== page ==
WASHINGTON — Two Maine students, Ian Pelletier, 18, of Deer Isle and Charlotte Eisenberg, 13, of Peaks Island, were honored in the nation’s capital this week for their outstanding volunteer work during the presentation of the 2011 Prudential Spirit of Community Awards.
Pelletier and Eisenberg — along with 100 other top youth volunteers from across the country — received $1,000 awards as well as congratulations from Academy Award-winning actress Susan Sarandon at the 16th annual award ceremony and gala dinner reception, held Sunday night at the Smithsonian’s National Museum of Natural History.
Pelletier and Eisenberg were named respectively the top high school and middle level youth volunteers in Maine last February. In addition to their cash awards, they received engraved silver medallions and an all-expense-paid trip with their parents to Washington, D.C., for this week’s recognition events.
“The Prudential Spirit of Community honorees have seen problems in their communities and around the world and have taken action,” said Sarandon. “Their compassion to help others should give us all a lot of hope for the future.”
Pelletier, a senior at Deer Isle-Stonington High School, raised $30,000 to construct a storage building for a local elementary school and performing arts center. When Deer Isle-Stonington Elementary School and Reach Performing Arts Center were built in 2000, “there was little thought or funds put into storage,” he said. “The maintenance department had to store equipment like ladders, snowblowers and tools in a dilapidated shed.” In addition, the sets and props for the arts center were kept in community members’ garages and barns, making access difficult.
After getting approval from the school, arts center and city officials, Pelletier recruited an architect to
design plans for a 24-foot-by-36-foot, two-story building. He then solicited bids from local contractors and building suppliers and began to raise funds. He sent a letter to more than 1,000 potential contributors, attracted attention from a local newspaper, and displayed a model of his proposed building at arts center performances. After donations started coming in, Pelletier recruited volunteers and hired contractors.
Nineteen months after he had started, with the help of 345 donors and 70 volunteers, Pelletier’s building was finished.
“One of the most memorable parts of this project was looking out of the upstairs window and realizing that this building was standing because of the work I had initiated,” said Ian. “The building felt so strong and sturdy, I knew it would still be standing after I die.”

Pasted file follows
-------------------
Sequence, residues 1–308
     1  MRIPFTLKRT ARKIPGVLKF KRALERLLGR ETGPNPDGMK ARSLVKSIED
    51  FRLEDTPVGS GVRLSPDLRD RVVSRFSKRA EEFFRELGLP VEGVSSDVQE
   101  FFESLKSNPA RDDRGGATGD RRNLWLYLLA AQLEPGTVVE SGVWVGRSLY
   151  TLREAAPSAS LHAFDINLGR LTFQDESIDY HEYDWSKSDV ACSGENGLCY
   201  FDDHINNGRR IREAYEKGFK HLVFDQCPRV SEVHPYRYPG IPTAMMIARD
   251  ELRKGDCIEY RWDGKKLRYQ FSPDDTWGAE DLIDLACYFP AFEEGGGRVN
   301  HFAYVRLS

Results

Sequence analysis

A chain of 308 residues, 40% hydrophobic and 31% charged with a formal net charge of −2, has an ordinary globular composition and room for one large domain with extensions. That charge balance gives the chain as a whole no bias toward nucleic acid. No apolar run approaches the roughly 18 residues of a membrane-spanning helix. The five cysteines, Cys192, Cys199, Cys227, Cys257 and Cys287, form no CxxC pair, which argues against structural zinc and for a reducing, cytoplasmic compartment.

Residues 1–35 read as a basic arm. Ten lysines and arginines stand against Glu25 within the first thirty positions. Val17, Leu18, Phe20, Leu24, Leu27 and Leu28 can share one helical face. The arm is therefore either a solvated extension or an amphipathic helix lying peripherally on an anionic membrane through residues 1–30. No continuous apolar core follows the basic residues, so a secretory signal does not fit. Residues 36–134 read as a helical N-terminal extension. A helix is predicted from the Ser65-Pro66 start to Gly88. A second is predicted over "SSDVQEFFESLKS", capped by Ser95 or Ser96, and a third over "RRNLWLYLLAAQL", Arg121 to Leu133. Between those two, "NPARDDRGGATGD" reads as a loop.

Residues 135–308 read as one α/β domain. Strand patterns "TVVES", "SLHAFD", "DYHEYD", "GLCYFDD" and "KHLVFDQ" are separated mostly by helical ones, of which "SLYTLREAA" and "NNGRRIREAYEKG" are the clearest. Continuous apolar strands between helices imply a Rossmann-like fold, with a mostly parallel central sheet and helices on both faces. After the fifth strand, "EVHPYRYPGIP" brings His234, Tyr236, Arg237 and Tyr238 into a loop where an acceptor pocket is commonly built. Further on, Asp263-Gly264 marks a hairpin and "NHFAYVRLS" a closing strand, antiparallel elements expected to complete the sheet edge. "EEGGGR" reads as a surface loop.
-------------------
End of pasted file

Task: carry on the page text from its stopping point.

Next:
Eisenberg, an eighth-grader at King Middle School in Portland, helped create and now leads an environmental club at her school that encourages composting and “green” living. Involved in her community since she was a little girl, Eisenberg has given tours at a Civil War history museum, collected hats and mittens for a family shelter, and worked as a phone canvasser for a presidential campaign. But it was while working last year on a school project with friends dealing with the harmful effects of styrofoam that she decided to focus her efforts on the environment.
“We were outraged at the statistics we were finding,” she said. “When I read things like styrofoam takes 1 million years to decompose or plastic water bottles are made with chemicals that cause cancer, it motivates me to take action.”
Eisenberg and her friends formed the “Green Team,” whose first project was to secure a grant to purchase compost bins for their school’s classrooms. Now, students can put snack waste such as banana peels and apple cores into the bins, which are filled with worms. The team placed larger bins outside the cafeteria, and every day a club member empties cafeteria waste into them. The compost is used to enrich the soil in the school’s organic garden, which is weeded by club members. To promote other healthy environmental habits, Green Team members used recycled paper to make bookmarks and posters with facts about global warming, and made presentations to sixth-grade classrooms. The group is also working on a video to help classmates understand the importance of composting.
“Ian and Charlotte represent young Americans who have a strong sense of community and who are dedicated to improving our neighborhoods, our nation and our world,” said John R. Strangfeld, chairman and CEO of Prudential Financial Inc. “With great anticipation, we look forward to their future achievements as they continue to spread the spirit of community.”
More than 29,000 young people participated in the 2011 awards program last fall through schools, Girl Scout councils, county 4-H organizations, American Red Cross chapters, YMCAs and affiliates of the Points of Light Institute’s HandsOn Network.
The top middle level and high school applicants in each state were selected in February, and were flown to Washington this week with their parents for four days of special recognition events.
Conducted in partnership with the National Association of Secondary School Principals, the Prudential Spirit of Community Awards were created 16 years ago by Prudential Financial to encourage youth volunteerism and to identify and reward young role models.
For more information, visit online: http://spirit.prudential.com or www.nassp.org/spirit.